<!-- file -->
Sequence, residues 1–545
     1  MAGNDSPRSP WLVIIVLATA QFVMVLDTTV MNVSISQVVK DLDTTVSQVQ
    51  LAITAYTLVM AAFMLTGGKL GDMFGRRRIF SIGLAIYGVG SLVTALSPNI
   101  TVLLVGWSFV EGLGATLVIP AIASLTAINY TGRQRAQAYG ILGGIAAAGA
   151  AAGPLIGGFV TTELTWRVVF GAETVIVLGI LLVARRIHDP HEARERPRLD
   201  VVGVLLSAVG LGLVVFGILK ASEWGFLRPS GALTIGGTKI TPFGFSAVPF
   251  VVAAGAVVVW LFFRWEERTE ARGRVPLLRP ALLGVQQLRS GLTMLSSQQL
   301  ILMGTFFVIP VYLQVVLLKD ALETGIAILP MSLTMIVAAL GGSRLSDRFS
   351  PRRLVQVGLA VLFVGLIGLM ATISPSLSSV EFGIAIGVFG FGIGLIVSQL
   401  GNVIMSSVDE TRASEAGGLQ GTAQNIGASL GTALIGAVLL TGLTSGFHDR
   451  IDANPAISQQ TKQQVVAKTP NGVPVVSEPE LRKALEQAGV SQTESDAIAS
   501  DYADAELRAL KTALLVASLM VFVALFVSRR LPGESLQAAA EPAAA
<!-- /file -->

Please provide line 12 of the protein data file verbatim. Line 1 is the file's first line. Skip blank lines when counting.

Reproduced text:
   501  DYADAELRAL KTALLVASLM VFVALFVSRR LPGESLQAAA EPAAA